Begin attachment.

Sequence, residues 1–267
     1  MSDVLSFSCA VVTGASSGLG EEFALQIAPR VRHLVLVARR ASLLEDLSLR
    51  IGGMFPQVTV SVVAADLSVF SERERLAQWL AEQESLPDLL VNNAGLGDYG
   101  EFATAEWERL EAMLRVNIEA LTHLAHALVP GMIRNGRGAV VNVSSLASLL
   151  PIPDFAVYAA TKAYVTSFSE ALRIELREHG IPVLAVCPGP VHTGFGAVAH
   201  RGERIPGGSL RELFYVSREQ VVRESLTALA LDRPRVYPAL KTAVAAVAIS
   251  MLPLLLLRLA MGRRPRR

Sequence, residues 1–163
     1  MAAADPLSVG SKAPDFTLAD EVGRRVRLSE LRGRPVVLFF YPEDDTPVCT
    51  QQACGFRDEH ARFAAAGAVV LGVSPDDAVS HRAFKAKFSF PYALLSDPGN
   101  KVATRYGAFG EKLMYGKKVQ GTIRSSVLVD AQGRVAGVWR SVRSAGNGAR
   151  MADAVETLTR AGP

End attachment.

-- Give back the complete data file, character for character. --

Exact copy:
Sequence, residues 1–267
     1  MSDVLSFSCA VVTGASSGLG EEFALQIAPR VRHLVLVARR ASLLEDLSLR
    51  IGGMFPQVTV SVVAADLSVF SERERLAQWL AEQESLPDLL VNNAGLGDYG
   101  EFATAEWERL EAMLRVNIEA LTHLAHALVP GMIRNGRGAV VNVSSLASLL
   151  PIPDFAVYAA TKAYVTSFSE ALRIELREHG IPVLAVCPGP VHTGFGAVAH
   201  RGERIPGGSL RELFYVSREQ VVRESLTALA LDRPRVYPAL KTAVAAVAIS
   251  MLPLLLLRLA MGRRPRR

Sequence, residues 1–163
     1  MAAADPLSVG SKAPDFTLAD EVGRRVRLSE LRGRPVVLFF YPEDDTPVCT
    51  QQACGFRDEH ARFAAAGAVV LGVSPDDAVS HRAFKAKFSF PYALLSDPGN
   101  KVATRYGAFG EKLMYGKKVQ GTIRSSVLVD AQGRVAGVWR SVRSAGNGAR
   151  MADAVETLTR AGP